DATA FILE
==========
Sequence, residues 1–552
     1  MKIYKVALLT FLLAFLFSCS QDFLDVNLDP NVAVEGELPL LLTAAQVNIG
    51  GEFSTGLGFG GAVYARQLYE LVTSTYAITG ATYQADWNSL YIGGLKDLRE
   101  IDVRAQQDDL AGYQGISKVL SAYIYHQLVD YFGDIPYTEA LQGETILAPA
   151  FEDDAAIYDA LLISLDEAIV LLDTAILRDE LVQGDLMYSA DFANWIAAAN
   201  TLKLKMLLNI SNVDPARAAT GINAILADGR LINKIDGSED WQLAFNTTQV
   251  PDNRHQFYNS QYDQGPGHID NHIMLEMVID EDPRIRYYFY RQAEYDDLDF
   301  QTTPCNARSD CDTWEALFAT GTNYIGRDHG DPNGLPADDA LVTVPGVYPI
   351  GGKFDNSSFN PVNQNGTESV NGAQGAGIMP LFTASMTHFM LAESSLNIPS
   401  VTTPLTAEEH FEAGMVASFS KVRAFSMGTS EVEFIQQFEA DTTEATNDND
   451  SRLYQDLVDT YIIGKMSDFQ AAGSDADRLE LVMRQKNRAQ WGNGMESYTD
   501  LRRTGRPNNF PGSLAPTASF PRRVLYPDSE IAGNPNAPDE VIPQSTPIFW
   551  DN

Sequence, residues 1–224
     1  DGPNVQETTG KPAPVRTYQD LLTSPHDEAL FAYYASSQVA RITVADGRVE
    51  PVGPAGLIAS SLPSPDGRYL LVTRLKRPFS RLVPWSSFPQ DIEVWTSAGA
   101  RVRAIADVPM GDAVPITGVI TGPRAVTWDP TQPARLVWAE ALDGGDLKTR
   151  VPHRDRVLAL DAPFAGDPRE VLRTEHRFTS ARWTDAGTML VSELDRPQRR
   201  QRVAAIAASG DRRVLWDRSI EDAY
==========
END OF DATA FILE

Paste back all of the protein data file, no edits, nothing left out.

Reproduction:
Sequence, residues 1–552
     1  MKIYKVALLT FLLAFLFSCS QDFLDVNLDP NVAVEGELPL LLTAAQVNIG
    51  GEFSTGLGFG GAVYARQLYE LVTSTYAITG ATYQADWNSL YIGGLKDLRE
   101  IDVRAQQDDL AGYQGISKVL SAYIYHQLVD YFGDIPYTEA LQGETILAPA
   151  FEDDAAIYDA LLISLDEAIV LLDTAILRDE LVQGDLMYSA DFANWIAAAN
   201  TLKLKMLLNI SNVDPARAAT GINAILADGR LINKIDGSED WQLAFNTTQV
   251  PDNRHQFYNS QYDQGPGHID NHIMLEMVID EDPRIRYYFY RQAEYDDLDF
   301  QTTPCNARSD CDTWEALFAT GTNYIGRDHG DPNGLPADDA LVTVPGVYPI
   351  GGKFDNSSFN PVNQNGTESV NGAQGAGIMP LFTASMTHFM LAESSLNIPS
   401  VTTPLTAEEH FEAGMVASFS KVRAFSMGTS EVEFIQQFEA DTTEATNDND
   451  SRLYQDLVDT YIIGKMSDFQ AAGSDADRLE LVMRQKNRAQ WGNGMESYTD
   501  LRRTGRPNNF PGSLAPTASF PRRVLYPDSE IAGNPNAPDE VIPQSTPIFW
   551  DN

Sequence, residues 1–224
     1  DGPNVQETTG KPAPVRTYQD LLTSPHDEAL FAYYASSQVA RITVADGRVE
    51  PVGPAGLIAS SLPSPDGRYL LVTRLKRPFS RLVPWSSFPQ DIEVWTSAGA
   101  RVRAIADVPM GDAVPITGVI TGPRAVTWDP TQPARLVWAE ALDGGDLKTR
   151  VPHRDRVLAL DAPFAGDPRE VLRTEHRFTS ARWTDAGTML VSELDRPQRR
   201  QRVAAIAASG DRRVLWDRSI EDAY